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December 01, 1943 - Image 4

Resource type:
The Michigan Daily, 1943-12-01

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~ir ieakn Pal11
Fifty-Fourth Year

I'd Rather Be Right.




By Lichty

Bdited and managed by students of the University of
Michigan under the authority of the Board in Contro
of Student Publications.
Published every morning except Monday during the
.gular University year, and every morning except Mon-
day and Tuesday during the summer session.
Member of The Associated Press
The Associated Press is exclusively entitled to the use
ior republication of all news dispatches credited to it or
otherwise credited in this newspaper. All rights of repub-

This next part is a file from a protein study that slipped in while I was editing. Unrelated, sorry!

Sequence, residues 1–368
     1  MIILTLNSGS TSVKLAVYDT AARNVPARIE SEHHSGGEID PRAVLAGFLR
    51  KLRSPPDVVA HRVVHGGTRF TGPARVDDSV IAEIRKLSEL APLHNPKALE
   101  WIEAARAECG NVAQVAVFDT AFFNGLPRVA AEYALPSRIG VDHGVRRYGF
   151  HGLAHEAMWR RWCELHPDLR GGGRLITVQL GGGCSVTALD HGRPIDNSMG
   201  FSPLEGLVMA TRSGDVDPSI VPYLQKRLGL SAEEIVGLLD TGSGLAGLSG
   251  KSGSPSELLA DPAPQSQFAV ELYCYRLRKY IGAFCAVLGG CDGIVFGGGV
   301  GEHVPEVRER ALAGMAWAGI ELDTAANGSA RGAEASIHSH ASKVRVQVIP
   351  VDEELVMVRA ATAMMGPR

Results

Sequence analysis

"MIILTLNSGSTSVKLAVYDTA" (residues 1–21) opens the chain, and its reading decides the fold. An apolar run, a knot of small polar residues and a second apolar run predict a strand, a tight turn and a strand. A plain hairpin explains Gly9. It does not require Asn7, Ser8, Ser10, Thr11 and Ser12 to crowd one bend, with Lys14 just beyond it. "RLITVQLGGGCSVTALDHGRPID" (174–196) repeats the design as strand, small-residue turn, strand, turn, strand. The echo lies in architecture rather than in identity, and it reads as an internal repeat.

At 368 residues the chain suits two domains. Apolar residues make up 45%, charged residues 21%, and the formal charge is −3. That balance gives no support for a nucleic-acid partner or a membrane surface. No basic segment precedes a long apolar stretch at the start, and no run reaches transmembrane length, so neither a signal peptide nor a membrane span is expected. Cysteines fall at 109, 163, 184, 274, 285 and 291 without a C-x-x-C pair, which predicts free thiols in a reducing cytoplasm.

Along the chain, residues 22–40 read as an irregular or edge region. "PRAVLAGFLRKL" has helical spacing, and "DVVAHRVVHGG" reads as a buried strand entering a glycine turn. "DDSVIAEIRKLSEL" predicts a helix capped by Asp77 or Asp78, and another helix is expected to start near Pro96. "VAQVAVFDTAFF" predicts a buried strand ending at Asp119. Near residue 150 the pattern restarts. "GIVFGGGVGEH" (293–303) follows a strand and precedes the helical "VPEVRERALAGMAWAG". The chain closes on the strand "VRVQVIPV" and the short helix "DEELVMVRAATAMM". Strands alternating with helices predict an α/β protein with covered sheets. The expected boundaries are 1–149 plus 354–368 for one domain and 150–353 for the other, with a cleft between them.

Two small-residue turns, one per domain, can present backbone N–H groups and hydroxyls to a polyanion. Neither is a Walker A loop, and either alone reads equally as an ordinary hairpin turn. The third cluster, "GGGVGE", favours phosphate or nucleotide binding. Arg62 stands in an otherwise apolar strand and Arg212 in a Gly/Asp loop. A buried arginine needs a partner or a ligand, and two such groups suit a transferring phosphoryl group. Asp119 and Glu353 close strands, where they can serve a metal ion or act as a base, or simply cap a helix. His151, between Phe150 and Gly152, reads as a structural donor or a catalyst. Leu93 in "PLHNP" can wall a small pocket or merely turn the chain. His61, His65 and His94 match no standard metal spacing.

lication of all other matters herein also reserved.
Entered at the Post Office at Ann Arbor, Michigan, as
second-class mail matter.
Subscriptions during the regular school year by car-
rier $4.50, by mail $5.25.
Member, Associated Collegiate Press, 1942-43
Editorial Staff
Marion Ford . . . . . Managing Editor
Jane Farrant . . . . Editorial Director
Claire Sherman . . . . . City Editor
Marjorie Borradalle . . . Associate Editor
Eric Zalenski . . Sports Editor
l ,ud Low . . . . Associate Sports Editor
Mary Anne Olson . . . . . Women's Editor
Marjorie Rosmarin . . . . Ass't Women's Editor
Hilda Slautterback Columnist
Doris Kuentz . . . . . .Columnist
Business Staff
Molly Ann Ninokur . . Business Manager
Elizabeth Carpenter . . Ass't Bus. Manager
Martha Opsion . . . . Ass't Bus. Manager
Telephone 23-24-1
Editorials published in The Michigan Daily
are written by members of The Daily staff
and represent the views of the writers only.
Sale of Tickets Was
Not Intentional Fraud
M EN IN THE ARMY and Navy units and vari-
Uus other people on campus are accusing the
Union officers, especially the dance committee, of